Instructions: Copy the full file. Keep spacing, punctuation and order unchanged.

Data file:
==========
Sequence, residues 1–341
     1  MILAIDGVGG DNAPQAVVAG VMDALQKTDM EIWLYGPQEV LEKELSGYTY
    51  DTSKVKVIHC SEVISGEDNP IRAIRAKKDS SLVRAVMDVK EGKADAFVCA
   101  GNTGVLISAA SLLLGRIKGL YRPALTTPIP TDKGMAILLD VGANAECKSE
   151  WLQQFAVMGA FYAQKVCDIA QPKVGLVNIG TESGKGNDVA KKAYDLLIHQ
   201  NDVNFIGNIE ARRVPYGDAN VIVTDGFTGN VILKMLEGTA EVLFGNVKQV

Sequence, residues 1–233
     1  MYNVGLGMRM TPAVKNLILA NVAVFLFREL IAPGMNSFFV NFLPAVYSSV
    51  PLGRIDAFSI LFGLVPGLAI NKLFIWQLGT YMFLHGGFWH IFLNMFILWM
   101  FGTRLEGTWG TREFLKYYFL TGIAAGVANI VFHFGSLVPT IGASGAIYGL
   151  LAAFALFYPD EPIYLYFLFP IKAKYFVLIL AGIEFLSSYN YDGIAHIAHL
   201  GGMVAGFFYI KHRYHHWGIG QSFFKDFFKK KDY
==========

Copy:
Sequence, residues 1–341
     1  MILAIDGVGG DNAPQAVVAG VMDALQKTDM EIWLYGPQEV LEKELSGYTY
    51  DTSKVKVIHC SEVISGEDNP IRAIRAKKDS SLVRAVMDVK EGKADAFVCA
   101  GNTGVLISAA SLLLGRIKGL YRPALTTPIP TDKGMAILLD VGANAECKSE
   151  WLQQFAVMGA FYAQKVCDIA QPKVGLVNIG TESGKGNDVA KKAYDLLIHQ
   201  NDVNFIGNIE ARRVPYGDAN VIVTDGFTGN VILKMLEGTA EVLFGNVKQV

Sequence, residues 1–233
     1  MYNVGLGMRM TPAVKNLILA NVAVFLFREL IAPGMNSFFV NFLPAVYSSV
    51  PLGRIDAFSI LFGLVPGLAI NKLFIWQLGT YMFLHGGFWH IFLNMFILWM
   101  FGTRLEGTWG TREFLKYYFL TGIAAGVANI VFHFGSLVPT IGASGAIYGL
   151  LAAFALFYPD EPIYLYFLFP IKAKYFVLIL AGIEFLSSYN YDGIAHIAHL
   201  GGMVAGFFYI KHRYHHWGIG QSFFKDFFKK KDY